Armenians protest introduction of mandatory private pensions

September 29, 2020 0 Comments

first_imgProtesters have argued that people should be able to decide what happens to their salaries, and that any supplementary pension payment should be voluntary.Some news sources reported that the protesters have also filed a petition with the Constitutional Court.So far, the government has made no comment on the protests or the petition. Thousands of Armenians have taken to the streets to protest the mandatory funding of the second-pillar pension system, introduced at the beginning of this year.According to reports from French news agency AFP, approximately 6,000 protesters marched in the Armenian capital of Yerevan over the weekend to protest against the government’s controversial decision. Since 1 January, all Armenians born after 1974 have had to transfer 5% of their salaries to newly created pension funds managed by the local subsidiaries of France’s Amundi and Germany’s Talanx Asset Management.According to the AFP, Naira Zohrabyan, secretary of opposition party Prosperous Armenia, described the law as a “racket”, allowing the government to “get its hands into people’s pockets”.last_img read more

ATP, PensionDanmark, Danica invest DKK1bn in SME loan fund

September 29, 2020 0 Comments

first_imgDanske Bank’s managing director Thomas Borgen described the fund as a completely new loan product that combined the bank’s, as well as the pension industry’s, skills and capital strength, and one that was also commercially interesting for the parties behind it.“Denmark is dependent on positive development among small and medium-sized companies,” he said, adding that the pension funds and the bank wanted to contribute to increasing growth and resilience in Danish business.The new fund will target businesses with more than DKK50m in annual turnover in need of loans of DKK10m-plus, the parties said.It will be run by Capital Four, with the capital administration company also providing independent credit evaluation.The fund was expected to be in place and ready for launch at the end of the summer, the parties said.Other pension funds will be invited to take part in the fund.Danish pension funds have pledged to the country’s government to promote lending to SMEs, with this promise made part of the deal in 2012 under which the alternative yield curve used to calculate pension fund liabilities would be extended.The alternative yield curve eased problems the funds were having first with yield differential between Danish and German government bonds, and then with very low interest rates.In December, Danica Pension announced it was investing DKK1bn in the GRO Fund, which would offer subordinated capital and equity for expansion to SMEs.PFA, the country’s largest commercial pension provider, increased its investment in SMEs in Denmark in April last year by raising its stake in private equity firm Kirk & Thoresen Invest. Three of Denmark’s biggest pension funds are linking up with the country’s largest bank to put DKK1bn (€134m) into a new fund to invest in domestic small and medium-sized enterprises (SMEs) by offering much-needed subordinate loan capital.ATP, PensionDanmark and Danica Pension, together with Danske Bank – Danica’s parent – are setting up the new fund, with the three pension funds furnishing it with initial capital of at least DKK1bn.Danish SMEs will be able to apply for the funds in the form of subordinate loan capital, the parties announced.ATP’s chief executive Carsten Stendevad said: “The fund is the expression of a new and exciting form of cooperation in the Danish financial sector.” last_img read more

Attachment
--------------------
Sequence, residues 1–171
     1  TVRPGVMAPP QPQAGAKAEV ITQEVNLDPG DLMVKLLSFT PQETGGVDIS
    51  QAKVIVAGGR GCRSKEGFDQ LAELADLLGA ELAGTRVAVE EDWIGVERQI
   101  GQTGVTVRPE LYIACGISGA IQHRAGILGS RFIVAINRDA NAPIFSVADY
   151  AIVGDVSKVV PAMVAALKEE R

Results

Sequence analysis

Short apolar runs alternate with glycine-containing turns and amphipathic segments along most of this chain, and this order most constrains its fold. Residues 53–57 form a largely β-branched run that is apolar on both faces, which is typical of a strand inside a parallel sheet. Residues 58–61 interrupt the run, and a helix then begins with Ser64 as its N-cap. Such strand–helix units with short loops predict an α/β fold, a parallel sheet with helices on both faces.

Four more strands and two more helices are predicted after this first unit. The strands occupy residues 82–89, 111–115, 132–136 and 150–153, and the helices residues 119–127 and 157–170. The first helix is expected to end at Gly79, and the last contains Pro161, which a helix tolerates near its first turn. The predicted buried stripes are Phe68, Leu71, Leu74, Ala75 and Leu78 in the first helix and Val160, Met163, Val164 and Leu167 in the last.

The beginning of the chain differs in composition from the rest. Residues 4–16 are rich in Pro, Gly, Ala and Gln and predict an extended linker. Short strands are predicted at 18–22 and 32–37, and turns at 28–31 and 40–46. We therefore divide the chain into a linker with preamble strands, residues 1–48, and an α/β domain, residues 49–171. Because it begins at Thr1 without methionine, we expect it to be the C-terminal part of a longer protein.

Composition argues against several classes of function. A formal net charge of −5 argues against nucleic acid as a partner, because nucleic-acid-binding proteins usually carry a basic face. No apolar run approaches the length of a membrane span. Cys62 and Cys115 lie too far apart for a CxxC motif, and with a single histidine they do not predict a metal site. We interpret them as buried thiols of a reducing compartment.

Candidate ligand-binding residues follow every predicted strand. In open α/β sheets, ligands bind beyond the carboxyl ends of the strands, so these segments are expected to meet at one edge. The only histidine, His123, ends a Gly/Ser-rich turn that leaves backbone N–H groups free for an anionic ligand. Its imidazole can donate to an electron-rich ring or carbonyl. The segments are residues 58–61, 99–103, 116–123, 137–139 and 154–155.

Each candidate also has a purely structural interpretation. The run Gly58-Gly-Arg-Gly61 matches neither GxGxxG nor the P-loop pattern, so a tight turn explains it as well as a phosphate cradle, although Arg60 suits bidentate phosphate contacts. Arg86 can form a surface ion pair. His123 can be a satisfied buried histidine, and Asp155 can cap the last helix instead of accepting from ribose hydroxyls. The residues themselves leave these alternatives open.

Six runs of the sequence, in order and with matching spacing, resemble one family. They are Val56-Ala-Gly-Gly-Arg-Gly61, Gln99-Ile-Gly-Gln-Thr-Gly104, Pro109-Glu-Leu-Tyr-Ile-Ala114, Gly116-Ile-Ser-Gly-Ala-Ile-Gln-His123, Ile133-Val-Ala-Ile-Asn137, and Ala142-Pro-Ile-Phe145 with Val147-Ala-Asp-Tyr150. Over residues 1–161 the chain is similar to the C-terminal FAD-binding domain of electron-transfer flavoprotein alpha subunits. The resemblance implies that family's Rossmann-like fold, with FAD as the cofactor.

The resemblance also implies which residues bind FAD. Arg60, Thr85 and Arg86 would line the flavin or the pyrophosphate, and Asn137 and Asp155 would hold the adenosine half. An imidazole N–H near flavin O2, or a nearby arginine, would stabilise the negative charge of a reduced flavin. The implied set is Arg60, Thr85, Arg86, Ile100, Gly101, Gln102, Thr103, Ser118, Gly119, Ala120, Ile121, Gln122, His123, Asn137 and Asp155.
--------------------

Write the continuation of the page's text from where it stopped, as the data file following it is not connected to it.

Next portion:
Strong first-quarter returns boost assets to €45bn at Finland’s Keva

September 29, 2020 0 Comments

first_imgStrong equity markets helped Finland’s Keva return 7.5% over the course of the first quarter, as assets rose above €45bn for the first time.Keva, the local authority pension provider, said its equity portfolio returned nearly 16%, with CIO Ari Huotaro describing the market development as “very lucrative”.Jukka Männistön, the fund’s chief executive, also struck a positive note on the first three months of the year, calling results “exceptionally good”.On back of the 15.8% return from equities, which accounted for 40.1% of Keva’s portfolio, assets under management rose by €3.1bn to €45.2bn. Fixed income holdings, which accounted for just over 41% of all assets, saw significantly lower returns of 2.7%, while direct property and real estate funds returned 1.4%.Outside of real estate, alternative assets outperformed bond holdings, with private equity returning 4.8% and hedge funds 3%.Keva’s returns were broadly in line with those of other Finnish pension investors, with many previously enjoying strong equity returns on the back of the European Central Bank’s quantitative easing programme.However, Keva’s results are so far the best of the larger pension providers and mutuals, with only Ilmarinen coming close to its results with a return of 7.1%, largely down to a strong equity performance close to 18%.last_img read more

IPE Views: DC trustee boards should think professional

September 29, 2020 0 Comments